Encryption on the Wire
Data on the wire needs to be protected from eavesdropping. Therefore, Couchbase Server uses SSL/TLS to encrypt data passed in each of the following ways: between clients and servers; between server-nodes within a cluster; and between data centers.
Full Administrators can configure administrative access so that client-communications with Couchbase Server are encrypted, by means of SSL/TLS. This protocol is fully supported by the Couchbase client-libraries for both the Couchbase Web Console and the REST API.
When securely initialized, Couchbase Server generates a self-signed certificate for the initial node, which is then propagated throughout all the nodes in the cluster. In terms of security-strength, this certificate is presumed to be adequate for your pre-production activities: optionally, however, you can switch to an X.509 certificate, before you deploy your application into production. See Configuring X.509.
To verify which certificate your cluster is currently using, access the Couchbase Web Console, and left-click on the Security tab, in the navigation-bar at the left-hand side:
This brings up the Security screen. When it appears, left-click on the Root Certificate tab, which is located on the horizontal control-bar, near the top (note that you must be in the role of Full Administrator, to see and access the Root Certificate):
This displays the Root Certificate View, which features the self-signed root certificate, in a scrollable pane:
If you wish to force Administrators to log into the UI over an encrypted channel, and so use port 18091, you can disable Couchbase Web Console access on port 8091. This only affects console access, and does not prevent REST requests from continuing to use 8091, non-securely.
The following REST API method disables the Couchbase Web Console on port 8091:
curl -u Administrator:password http://localhost:8091/settings/security -d disableUIOverHttp=true
To re-enable Couchbase Web Console access on port 8091:
curl -u Administrator:password http://localhost:8091/settings/security -d disableUIOverHttp=false
The command line can also be used for this disabling step, although not (in Couchbase Server 5.0) to reverse it:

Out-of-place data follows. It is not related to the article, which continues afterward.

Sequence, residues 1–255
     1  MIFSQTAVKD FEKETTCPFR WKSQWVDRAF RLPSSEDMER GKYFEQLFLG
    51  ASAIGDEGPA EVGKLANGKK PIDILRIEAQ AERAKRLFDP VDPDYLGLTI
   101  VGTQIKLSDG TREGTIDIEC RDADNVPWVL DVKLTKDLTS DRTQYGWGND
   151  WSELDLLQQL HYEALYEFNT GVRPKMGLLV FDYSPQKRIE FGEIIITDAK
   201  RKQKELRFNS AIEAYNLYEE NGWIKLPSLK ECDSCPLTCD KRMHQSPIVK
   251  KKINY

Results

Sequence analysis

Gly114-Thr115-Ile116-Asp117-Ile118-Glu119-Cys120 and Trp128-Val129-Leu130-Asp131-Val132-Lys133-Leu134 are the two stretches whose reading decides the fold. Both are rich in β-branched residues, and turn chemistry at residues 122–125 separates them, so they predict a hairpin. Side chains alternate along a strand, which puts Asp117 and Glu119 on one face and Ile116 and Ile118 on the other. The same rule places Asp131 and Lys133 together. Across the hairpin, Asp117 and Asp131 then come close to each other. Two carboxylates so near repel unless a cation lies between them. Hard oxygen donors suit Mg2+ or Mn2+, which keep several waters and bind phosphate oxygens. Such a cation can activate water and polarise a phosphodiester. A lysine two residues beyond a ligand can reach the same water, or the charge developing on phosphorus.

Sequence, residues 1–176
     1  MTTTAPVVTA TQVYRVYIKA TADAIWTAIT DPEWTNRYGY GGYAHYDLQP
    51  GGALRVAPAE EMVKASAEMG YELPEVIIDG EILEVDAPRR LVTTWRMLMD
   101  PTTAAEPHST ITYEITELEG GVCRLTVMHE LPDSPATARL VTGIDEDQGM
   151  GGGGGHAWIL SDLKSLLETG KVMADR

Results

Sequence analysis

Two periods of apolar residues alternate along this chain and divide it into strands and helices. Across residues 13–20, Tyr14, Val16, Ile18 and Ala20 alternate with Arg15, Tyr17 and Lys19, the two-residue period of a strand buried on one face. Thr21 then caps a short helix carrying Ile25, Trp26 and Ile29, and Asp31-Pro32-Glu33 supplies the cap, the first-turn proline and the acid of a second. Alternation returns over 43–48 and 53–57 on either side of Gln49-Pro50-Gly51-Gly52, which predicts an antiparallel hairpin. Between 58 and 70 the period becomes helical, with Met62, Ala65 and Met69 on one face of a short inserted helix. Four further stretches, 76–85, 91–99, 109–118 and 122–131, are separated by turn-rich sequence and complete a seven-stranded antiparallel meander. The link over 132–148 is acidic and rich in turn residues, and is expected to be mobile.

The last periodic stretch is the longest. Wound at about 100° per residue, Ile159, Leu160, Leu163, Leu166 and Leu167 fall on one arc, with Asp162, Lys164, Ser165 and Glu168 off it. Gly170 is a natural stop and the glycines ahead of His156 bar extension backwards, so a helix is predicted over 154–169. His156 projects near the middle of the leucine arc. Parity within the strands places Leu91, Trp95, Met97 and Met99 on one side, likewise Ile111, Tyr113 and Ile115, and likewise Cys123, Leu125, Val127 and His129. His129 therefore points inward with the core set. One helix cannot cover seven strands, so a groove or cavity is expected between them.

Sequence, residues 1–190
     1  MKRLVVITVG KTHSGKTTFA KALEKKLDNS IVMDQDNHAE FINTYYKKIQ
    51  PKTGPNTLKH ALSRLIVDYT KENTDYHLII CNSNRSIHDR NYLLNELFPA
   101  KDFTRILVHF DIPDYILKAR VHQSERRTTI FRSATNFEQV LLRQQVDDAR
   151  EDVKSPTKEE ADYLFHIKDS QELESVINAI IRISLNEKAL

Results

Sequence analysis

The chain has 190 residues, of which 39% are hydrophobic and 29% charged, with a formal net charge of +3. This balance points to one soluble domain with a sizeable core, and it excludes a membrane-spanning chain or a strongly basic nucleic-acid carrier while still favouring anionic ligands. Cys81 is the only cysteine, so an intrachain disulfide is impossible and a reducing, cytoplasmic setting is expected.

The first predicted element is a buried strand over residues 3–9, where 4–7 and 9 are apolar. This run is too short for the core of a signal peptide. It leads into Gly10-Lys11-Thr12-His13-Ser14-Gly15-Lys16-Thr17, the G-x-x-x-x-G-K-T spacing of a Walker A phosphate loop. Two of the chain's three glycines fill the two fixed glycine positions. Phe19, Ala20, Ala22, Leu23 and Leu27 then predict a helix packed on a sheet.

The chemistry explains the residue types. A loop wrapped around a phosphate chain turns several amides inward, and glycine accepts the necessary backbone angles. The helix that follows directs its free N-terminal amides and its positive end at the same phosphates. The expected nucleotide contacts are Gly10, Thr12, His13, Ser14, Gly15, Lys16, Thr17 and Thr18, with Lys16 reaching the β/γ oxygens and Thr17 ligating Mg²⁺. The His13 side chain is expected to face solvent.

$ couchbase-cli setting-security -c <servername> -u Administrator \ -p password --disable-http-ui
Couchbase Server client-libraries support client-side encryption, using the Secure Sockets Layer (SSL) and Transport Layer Security (TLS). TLS versions 1.0 to 1.2 are supported by default. The highest-supported version of TLS is recommended. Optionally, you can set the minimum version of TLS to be 1.2 or higher, using the following command:
curl -X POST -u Administrator:password http://127.0.0.1:8091/diag/eval -d "ns_config:set(ssl_minimum_protocol, 'tlsv1.2')"
This command should be executed per cluster; and requires Full Administrator privileges.
For an application to communicate securely with Couchbase Server, SSL/TLS must be enabled on the client side. To perform enablement, you must acquire a copy of the certificate used by Couchbase Server, and then follow the steps appropriate for your client. Access the certificate from the Couchbase Web Console, as shown above. Note that if, at some point, this certificate gets regenerated on the server-side, you must obtain a copy of the new version, and re-enable the client.
When a TLS connection is established between a client application and Couchbase Server running on port 18091, a handshake occurs, as defined by the TLS Handshake Protocol. As part of this exchange, the client must send to the server a cipher-suite list; which indicates the cipher-suites that the client supports, in order of preference. The server replies with a notification of the cipher-suite it has duly selected from the list. Additionally, symmetric keys to be used by client and server are selected by means of the RSA key-exchange algorithm.
All the Couchbase SDKs support SSL/TLS encryption: Java, .NET, Node.js, PHP, Python, C, and Go.
Each must use the Couchbase network port
11207, for secure communication.
18092 must be used for secure view access.
To use Full Text Search securely, port
18094 must be specified.
Here is a REST API example from the Full Text Search Reference page, reworked for encrypted access:
curl -u Administrator:password https://localhost:18094/api/index/myFirstIndex/count
Couchbase Server uses ciphers that are accepted by default by OpenSSL.The default behavior employs high-security ciphers, built into openSSL. On macOS these are:
You can override this selection, by setting the following environment variable before starting Couchbase:
If you wish to include both medium and high-security ciphers in your installation, you can define the environment variable as follows:
COUCHBASE_SSL_CIPHER_LIST= MEDIUM, HIGH
For macOS, the ciphers so specified would be the following
Couchbase Server replicates data across a cluster, to ensure the data’s high availability. When you encrypt documents, replica copies are duly transmitted and stored in encrypted form.
For added security, use IPSec on the network that connects the Couchbase Server-nodes. Note that IPSec has two modes: tunnel and transport. Transport mode is recommended, as it is the easier of the two to set up, and does not require the creation of tunnels between all pairs of Couchbase nodes.
To learn more about setting up transport mode IPSec for Couchbase, see the blog Configuring IPsec for a Couchbase Cluster.
To protect data transmitted between data centers, you can use TLS to encrypt your XDCR connection. When you enable TLS in XDCR, Couchbase Server uses TLS certificates. TLS versions 1.0 to 1.2 are supported. All traffic between source and destination-datacenters is encrypted. Note that the encryption causes a slight increase in the CPU load.
You are recommended to rotate the XDCR certificates periodically, in accordance with your organization’s security policy.
For information on securing XDCR, see XDCR Data Security.